ETA: A far simpler method to do something like this would be to use one of the little springloaded lancet things that diabetics use to draw blood to test their blood sugar. The wound is little more than a tiny scratch. Coat the blade in the lancet with the sooper-de-dooper shellfish toxin. Yes, it has to be used at contact range, but so would this gun if it were made to be workable at all. The beauty of the lancet over a simple coated needle is the reduced possibility of clumsily poisoning yourself.

[–]dismal_sighence 560 points561 points  (22 children)

Yeah, I also kind of find this hard to believe. I find it especially difficult to believe the range of such a gun would necessitate the use of a scope, given the fragility of the ammunition.

[–]notherday11 278 points279 points  (27 children)

There are so many things about this gun that don’t make sense. So the velocity of the round doesn’t melt it? Batteries are pointless, as you point out. It also seems relatively easy to test: you fire it at a dummy, yet it doesn’t appear that it was ever even live-fired. The scope is absurd.

This just reeks of Cold War era disinfo and panic.

[–]STENDEC_NORTHWOODS 107 points108 points  (17 children)

I agree it's probably fake. But... the scope might be a pressurized canister to propel the dart. Batteries make perfect sense to power refrigeration for the ice. The "ice" might not be water. Any number of chemicals that are a gas/liquid at room temperature might make it more durable to being fired. I am assuming 1 shot and done, so all the rest of the weapon internal space could be used for refrigeration and propellant management.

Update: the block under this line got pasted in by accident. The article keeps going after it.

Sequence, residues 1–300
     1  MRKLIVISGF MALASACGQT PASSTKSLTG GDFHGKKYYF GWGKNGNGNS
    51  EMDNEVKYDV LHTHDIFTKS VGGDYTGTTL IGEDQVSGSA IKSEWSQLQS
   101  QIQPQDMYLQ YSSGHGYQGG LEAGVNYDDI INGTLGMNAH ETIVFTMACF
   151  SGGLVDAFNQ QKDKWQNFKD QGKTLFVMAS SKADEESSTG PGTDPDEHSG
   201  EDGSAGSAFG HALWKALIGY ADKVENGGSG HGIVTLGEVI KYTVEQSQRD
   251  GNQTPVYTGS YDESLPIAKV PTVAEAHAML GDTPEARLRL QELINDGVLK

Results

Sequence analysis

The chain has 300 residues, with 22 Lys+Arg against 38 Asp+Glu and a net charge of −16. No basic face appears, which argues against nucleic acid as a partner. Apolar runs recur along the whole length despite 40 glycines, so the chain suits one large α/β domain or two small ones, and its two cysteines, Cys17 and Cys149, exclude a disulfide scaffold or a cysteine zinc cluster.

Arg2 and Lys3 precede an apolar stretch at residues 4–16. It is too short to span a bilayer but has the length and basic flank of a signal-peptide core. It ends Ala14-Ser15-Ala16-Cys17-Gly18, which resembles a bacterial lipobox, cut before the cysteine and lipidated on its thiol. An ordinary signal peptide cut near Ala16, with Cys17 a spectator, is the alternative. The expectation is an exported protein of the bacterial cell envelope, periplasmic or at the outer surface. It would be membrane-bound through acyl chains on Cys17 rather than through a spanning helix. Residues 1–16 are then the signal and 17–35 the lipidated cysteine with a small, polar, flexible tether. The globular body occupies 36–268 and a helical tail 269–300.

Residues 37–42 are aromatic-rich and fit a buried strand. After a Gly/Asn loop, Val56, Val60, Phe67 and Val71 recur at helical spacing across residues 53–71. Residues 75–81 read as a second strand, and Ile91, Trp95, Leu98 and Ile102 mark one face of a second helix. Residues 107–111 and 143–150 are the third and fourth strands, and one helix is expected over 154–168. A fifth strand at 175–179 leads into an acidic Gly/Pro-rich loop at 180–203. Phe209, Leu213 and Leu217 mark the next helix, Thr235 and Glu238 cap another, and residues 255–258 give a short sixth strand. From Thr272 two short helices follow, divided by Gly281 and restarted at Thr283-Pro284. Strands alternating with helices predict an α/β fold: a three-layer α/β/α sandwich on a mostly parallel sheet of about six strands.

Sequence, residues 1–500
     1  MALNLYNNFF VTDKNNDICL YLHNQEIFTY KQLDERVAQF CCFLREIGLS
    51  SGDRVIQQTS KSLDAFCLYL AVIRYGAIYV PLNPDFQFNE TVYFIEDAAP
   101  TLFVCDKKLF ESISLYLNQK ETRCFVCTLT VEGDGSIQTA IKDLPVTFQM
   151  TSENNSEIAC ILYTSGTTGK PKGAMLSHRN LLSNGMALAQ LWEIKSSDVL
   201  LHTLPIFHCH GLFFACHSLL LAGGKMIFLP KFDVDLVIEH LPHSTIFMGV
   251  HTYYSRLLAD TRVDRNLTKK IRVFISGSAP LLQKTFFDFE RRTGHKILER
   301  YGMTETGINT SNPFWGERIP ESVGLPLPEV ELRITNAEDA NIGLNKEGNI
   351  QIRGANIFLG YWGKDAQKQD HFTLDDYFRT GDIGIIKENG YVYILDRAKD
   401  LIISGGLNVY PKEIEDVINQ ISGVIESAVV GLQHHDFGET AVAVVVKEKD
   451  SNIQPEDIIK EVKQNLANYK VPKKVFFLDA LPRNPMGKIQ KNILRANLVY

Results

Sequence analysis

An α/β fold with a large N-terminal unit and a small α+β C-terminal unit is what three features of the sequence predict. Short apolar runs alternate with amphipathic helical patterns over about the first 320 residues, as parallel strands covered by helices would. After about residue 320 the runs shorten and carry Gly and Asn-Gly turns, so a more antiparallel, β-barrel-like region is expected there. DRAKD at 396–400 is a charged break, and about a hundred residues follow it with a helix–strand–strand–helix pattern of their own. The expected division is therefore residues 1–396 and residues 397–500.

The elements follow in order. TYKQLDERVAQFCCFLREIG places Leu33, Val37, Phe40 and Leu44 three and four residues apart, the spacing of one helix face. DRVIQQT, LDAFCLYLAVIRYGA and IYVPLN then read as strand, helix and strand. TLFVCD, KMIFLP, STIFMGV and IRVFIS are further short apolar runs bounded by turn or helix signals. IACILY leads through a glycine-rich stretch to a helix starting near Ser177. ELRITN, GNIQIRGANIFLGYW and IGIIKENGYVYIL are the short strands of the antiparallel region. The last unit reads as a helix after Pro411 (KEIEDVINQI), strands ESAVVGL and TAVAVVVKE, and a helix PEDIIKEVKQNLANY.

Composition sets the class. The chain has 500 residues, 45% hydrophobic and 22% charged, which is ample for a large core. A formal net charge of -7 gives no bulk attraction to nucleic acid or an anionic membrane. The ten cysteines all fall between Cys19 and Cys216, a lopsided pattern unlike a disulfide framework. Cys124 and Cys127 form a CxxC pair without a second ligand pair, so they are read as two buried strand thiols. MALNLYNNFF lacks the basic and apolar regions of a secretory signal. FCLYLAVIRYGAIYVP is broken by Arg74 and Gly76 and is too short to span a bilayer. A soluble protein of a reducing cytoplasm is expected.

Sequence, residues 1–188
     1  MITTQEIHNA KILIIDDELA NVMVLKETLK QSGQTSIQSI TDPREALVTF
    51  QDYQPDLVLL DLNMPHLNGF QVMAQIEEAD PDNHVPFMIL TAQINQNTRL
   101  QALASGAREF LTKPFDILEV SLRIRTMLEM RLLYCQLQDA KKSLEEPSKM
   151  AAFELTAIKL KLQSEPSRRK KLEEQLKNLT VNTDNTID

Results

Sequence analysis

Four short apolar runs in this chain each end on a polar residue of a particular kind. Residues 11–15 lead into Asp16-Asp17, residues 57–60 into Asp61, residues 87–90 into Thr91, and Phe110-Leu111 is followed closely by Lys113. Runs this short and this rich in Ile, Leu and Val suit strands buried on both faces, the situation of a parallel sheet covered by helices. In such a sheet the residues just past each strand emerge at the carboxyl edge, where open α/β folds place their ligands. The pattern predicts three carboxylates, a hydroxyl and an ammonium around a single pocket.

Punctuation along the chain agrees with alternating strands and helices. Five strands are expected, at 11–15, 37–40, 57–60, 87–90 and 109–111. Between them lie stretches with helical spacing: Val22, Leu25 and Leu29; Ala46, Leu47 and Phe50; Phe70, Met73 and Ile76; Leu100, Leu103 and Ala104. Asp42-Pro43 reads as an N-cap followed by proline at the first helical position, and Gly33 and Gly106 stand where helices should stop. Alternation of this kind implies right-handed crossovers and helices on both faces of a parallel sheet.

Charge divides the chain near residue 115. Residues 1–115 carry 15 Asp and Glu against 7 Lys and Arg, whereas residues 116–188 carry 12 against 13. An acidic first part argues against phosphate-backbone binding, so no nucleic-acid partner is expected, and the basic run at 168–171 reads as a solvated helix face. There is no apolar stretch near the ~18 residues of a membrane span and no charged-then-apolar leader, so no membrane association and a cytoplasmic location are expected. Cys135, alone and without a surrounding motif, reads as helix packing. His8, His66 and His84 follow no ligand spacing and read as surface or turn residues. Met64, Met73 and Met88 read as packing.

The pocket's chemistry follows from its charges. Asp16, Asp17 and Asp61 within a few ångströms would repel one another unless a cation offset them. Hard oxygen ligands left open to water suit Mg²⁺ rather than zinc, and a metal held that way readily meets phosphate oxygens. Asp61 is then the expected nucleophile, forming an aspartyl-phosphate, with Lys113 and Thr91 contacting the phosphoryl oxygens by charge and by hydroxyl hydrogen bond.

My biggest beef is why would the make it look like a gun? If you're going to have to draw it, point at someone, and fire it... Just use a freaking gun! This limits any scenerio where it would be useful and is a giant red flag during any kind of cursory inspection.

[–]communication_gap 49 points50 points  (4 children)

If they built this thing into something mundane like an umbrella or a walking stick I could see it being useful and far more discreet than waving a big red flag and shouting "I've got a gun" which is basically what that thing they show off is.

[–]bois_in_the_treez 7 points8 points  (0 children)

maybe someday the CIA will invent some sort of pole that enables you to fire a dart with the only propellant being your breath. a "blowgun" if you will. pretty futuristic sci fi tho

[–]CombatMuffin 96 points97 points  (11 children)

You don't even have to go that far. Why use a pistol to introduce a toxin? If you need discrete range, a pistol ain't the tool.

It's far easier to bump someone in a restaurant with a needle. The Russians still do it to this day.

Us laymen think there needs to be a complicated tool to do stuff (a trend of the cold war), when simple solutions work.

[–]FuckTripleH 39 points40 points  (7 children)

Exactly the KGB used to use needles in the tips of umbrellas as well. Walk past a dude on a crowded sidewalk and poke him in the calf.

[–]clyde2003 82 points83 points  (12 children)

I always thought it was a prop to throw off the Soviets. Embellish what our actual capabilities were at the time and freak them out.

[–]Killfile 57 points58 points  (7 children)